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Posts Tagged ‘Awana’

Before we left our former church I began to feel frozen.  I learned all this information about spiritual formation, emergent, purpose driven and the P.E.A.C.E. plan (which was presented to our congregation several times).  I began to understand all the things we did in our church that we felt good for doing were related to some author’s plans.  Every philosophy, the way we taught our children on Sunday mornings, the way we studied in small groups, the service projects we did, the way scriptures had been presented and often interpreted, were run through a filter of the strategies/plans/vision of our former church.  Our thinking on missions, service to others, finances, parenting, had all been shaped by this church.  We also had been big supporters of groups such as Focus on the Family which has since been stepping into “spiritual formation.”  I thought at first that our former church had “just changed.”  Because they have sermon notes saved online, I realized that this was not the case.  The changes have been in place at least since 2002.  We’ve only been there since 2000, but the sermons are not recorded online, so I’m not sure how much deviation there is from those first days.  At any rate, we didn’t notice issues until 2008.  That’s 7 years at least of this spiritual formation/purpose driven/seeker friendly/tip toe emergent stuff getting on us.  Rubbing this stink off has been a challenge.  It’s got to be in our thinking, in our reasons why.  So now, I am frozen.  Christians are to share the gospel, make disciples.  But how?  Even before I went to our former church, I learned the “quick and dirty” gospel.  “All have sinned” and “for God so loved the World” and “believe on the Lord Jesus Christ” and recieve him (because  a gift cannot be opened until recieved) and pray for forgiveness.  Say this prayer and boom, you are saved.  So now, I have to reevaluate.  I actually think my salvation wasn’t based on this, I did have an understanding that I was chosen by God and grace and mercy had nothing to do with a scripted prayer.  I’m confident in my salvation, sure of my guilt of sin, and know that I am only saved by the grace and mercy of Christ who died for me.  I really have always loved to read and dig into my bible, and loved to figure out exactly what scripture truly says and means.  This hasn’t changed, so reading my bible still gives me comfort.  Praying has been difficult for me lately though, knowing talk and teaching had been leading to possible contemplative style in our former church.  I talk to God directly, always  have.  I do not use any techniques like Lectio Divina as we hadn’t been lead through that yet.  Still, I struggle.  I have always thought that going off by myself and writing in a prayer journal is good (I would just write requests mostly in the journal, who I was praying for).  I would read scripture and summarize a bit for my own recall, then list my requests and people I’m praying for.  I also used to walk the neighborhood praying for people in the homes, for God to work in our city and eventually our nation.  I do long to be alone when praying, to be in nature, do actually find quiet to help out sometimes when I pray.  I do NOT empty my mind, believe you have to have solitude as a discipline.  But who hasn’t enjoyed praying outside in the early morning all alone while looking at something spectacular God has created?  Iwould not mistake this “feeling” for closeness to God or purity in Christian life, however, there is something nice about it.  However, I have been very cautious about what I do in prayer.   I no longer feel comfortable just praying.  I have to stop and think, “am I doing this wrong?”  Doing prayer wrong?  Yes, it’s possible to pray incorrectly, very possible.  Still, before I was just praying and not worrying about it all the time.  Same with service.  Before, I felt great helping clean up a school yard as part of a church project, or filling a box of toys for a child’s Christmas gift.  I realized that some service projects would not really be directly presenting the gospel, but it didn’t seem so bad.  Now, I wonder how much I would be part of some big agenda to “be a change agent.”  I don’t want to just sign up and have a wrong motive or give in the way God doesn’t prescribe.  So, I am frozen.  Which organizations aren’t tainted with the current emergent/new age/change the world through good works teachings?  Bell ringing for the Salvation Army?  Maybe not so good…they have some contemplative stuff on their web page.  Many old trusted places to serve or give seem to be turning contemplative.  What organizations can I have my children involved in?  We did Awana this year, and yet I saw some of their training for parents is “spiritual formation” style.  Though my kids have learned the verses, I fear eventually the teaching may grow suspect.  I have listened to the Cubbies teaching week after week, and so far have no problems with it.  Still, we’re thinking of stopping Awana.  We’d like to be involved in the church we choose to join, and are likely to find ways to teach verses without all that Awana brings (busy time).  Everywhere I go in Christian life, I feel frozen.  At least I know one thing, if I crack open my bible, I can trust scripture.  It’s the commentaries I worry about…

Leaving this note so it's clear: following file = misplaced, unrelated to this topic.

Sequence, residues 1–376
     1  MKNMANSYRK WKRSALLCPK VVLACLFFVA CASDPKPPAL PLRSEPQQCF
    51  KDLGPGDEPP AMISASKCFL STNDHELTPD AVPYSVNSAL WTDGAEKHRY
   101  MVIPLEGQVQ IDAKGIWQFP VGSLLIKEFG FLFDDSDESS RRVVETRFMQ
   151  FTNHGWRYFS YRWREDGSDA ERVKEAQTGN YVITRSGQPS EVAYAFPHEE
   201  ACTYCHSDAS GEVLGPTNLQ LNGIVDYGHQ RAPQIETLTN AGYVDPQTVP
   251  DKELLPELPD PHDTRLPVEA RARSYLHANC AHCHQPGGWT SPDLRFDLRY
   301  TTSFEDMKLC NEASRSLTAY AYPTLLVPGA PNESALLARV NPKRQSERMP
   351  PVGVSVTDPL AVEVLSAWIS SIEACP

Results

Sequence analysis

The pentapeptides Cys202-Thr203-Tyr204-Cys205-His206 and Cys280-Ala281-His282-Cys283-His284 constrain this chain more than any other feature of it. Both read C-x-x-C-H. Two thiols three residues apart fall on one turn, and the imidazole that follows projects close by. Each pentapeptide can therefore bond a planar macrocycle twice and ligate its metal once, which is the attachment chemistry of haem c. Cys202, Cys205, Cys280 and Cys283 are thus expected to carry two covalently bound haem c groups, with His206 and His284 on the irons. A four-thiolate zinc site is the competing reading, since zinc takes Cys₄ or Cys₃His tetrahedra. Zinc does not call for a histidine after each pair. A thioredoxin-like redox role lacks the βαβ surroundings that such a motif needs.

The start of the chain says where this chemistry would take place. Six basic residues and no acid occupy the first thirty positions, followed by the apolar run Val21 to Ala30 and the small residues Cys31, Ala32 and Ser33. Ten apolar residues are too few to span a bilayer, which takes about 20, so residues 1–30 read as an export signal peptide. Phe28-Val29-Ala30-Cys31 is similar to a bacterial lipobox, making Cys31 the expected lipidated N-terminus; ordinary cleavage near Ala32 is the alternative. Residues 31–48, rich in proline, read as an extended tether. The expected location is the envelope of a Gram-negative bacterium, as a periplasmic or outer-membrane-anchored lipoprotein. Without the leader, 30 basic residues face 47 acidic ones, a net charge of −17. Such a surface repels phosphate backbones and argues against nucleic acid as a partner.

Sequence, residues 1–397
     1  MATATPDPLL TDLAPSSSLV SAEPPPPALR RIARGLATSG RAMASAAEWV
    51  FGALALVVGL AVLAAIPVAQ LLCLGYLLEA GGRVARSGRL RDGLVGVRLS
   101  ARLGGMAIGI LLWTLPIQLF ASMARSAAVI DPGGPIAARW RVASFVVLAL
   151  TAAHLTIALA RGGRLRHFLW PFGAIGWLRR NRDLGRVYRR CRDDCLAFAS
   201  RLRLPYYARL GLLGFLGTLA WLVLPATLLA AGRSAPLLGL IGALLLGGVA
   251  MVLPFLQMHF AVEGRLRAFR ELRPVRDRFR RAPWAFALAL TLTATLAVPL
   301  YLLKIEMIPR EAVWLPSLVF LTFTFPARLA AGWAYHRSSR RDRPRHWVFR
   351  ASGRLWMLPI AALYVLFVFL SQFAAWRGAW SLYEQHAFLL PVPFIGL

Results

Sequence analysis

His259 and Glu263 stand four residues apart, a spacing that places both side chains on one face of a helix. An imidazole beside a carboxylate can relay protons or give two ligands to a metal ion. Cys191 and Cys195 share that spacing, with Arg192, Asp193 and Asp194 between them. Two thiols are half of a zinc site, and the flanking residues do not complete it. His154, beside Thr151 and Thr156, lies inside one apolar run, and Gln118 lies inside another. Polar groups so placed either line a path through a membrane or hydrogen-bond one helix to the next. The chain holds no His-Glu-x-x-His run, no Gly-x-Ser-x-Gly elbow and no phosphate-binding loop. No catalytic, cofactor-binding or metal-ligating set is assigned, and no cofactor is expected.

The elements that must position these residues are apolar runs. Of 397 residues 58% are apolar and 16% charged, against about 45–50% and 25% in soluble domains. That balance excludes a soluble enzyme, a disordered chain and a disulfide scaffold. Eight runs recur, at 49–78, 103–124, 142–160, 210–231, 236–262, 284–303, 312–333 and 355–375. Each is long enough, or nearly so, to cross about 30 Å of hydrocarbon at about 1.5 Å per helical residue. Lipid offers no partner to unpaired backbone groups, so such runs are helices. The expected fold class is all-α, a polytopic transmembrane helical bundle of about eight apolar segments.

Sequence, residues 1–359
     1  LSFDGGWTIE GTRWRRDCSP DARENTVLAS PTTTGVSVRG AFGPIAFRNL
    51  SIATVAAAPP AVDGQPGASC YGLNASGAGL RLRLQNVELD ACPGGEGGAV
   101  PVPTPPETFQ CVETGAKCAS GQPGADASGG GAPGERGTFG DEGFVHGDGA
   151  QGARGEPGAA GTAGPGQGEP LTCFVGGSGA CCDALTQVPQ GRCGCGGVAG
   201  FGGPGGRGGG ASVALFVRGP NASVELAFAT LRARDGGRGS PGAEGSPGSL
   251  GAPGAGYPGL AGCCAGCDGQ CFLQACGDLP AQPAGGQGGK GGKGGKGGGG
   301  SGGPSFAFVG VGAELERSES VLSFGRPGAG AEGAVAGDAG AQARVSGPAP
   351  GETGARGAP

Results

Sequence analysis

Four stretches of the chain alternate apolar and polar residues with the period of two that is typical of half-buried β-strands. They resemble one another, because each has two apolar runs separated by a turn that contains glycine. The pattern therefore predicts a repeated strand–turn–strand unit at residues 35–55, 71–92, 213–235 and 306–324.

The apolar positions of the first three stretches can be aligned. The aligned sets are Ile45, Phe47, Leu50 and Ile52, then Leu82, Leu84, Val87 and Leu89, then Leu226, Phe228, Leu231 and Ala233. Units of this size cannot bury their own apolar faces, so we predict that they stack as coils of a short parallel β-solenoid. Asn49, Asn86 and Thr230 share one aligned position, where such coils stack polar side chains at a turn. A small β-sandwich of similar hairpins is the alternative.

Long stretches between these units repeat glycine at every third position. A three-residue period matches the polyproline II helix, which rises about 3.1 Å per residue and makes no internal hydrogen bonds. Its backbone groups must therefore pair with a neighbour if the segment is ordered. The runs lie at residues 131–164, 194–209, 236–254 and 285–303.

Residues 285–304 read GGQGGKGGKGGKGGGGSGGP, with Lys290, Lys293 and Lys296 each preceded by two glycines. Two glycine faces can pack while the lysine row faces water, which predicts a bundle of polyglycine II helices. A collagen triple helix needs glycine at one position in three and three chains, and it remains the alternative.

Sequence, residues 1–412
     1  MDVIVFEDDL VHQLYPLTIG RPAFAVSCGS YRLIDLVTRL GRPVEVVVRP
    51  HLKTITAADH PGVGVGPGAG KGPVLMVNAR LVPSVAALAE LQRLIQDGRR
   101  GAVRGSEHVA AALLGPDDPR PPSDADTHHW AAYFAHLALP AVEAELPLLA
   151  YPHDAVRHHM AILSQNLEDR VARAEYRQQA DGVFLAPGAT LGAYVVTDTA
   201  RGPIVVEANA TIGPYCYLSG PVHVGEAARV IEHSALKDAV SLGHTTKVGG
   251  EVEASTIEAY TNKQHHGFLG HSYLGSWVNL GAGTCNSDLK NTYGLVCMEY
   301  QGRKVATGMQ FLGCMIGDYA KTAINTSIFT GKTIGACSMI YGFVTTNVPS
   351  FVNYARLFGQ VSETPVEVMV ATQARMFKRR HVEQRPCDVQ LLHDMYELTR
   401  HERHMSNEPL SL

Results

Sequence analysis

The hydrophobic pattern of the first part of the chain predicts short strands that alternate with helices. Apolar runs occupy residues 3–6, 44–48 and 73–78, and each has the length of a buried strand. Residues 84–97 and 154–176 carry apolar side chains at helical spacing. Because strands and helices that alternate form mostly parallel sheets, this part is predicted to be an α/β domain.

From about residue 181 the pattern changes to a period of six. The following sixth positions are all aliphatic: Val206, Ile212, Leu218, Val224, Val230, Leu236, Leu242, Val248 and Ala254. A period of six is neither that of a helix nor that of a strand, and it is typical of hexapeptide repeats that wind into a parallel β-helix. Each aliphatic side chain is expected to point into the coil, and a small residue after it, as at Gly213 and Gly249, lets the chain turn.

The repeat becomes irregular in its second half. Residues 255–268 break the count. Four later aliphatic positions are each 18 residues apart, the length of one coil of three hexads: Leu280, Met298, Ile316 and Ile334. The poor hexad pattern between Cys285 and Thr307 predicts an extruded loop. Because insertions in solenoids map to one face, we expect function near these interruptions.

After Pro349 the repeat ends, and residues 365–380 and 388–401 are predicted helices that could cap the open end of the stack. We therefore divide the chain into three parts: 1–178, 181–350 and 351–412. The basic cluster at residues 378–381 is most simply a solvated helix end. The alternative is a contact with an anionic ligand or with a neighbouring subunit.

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Today my children participated in Awana Bible Quiz. They basically answered multiple choice questions about bible verses, definitions of words in particular verses, answers to questions in the Awana handbooks, and other similar questions. I have no problem with this as the kids do have to study their verses and memorize them to do well. We are involved in Awana partly because of the verse memorization, and because of the experiences the kids enjoy with others. It’s a Wednesday night thing, not a substitute for home bible study or church services. So far, I’ve not heard anything leaning contemplative at the meetings, I help with Awana myself so that I can see what’s going on. I know the Cubbies program is much like it has been for several years, but the books have been changing for the older kids. I have my children focus on the verses, and even then I’m not really worried about it as I’d rather have them learn from better versions of the bible itself. With that out of the way I’d like to share what bothered me about today.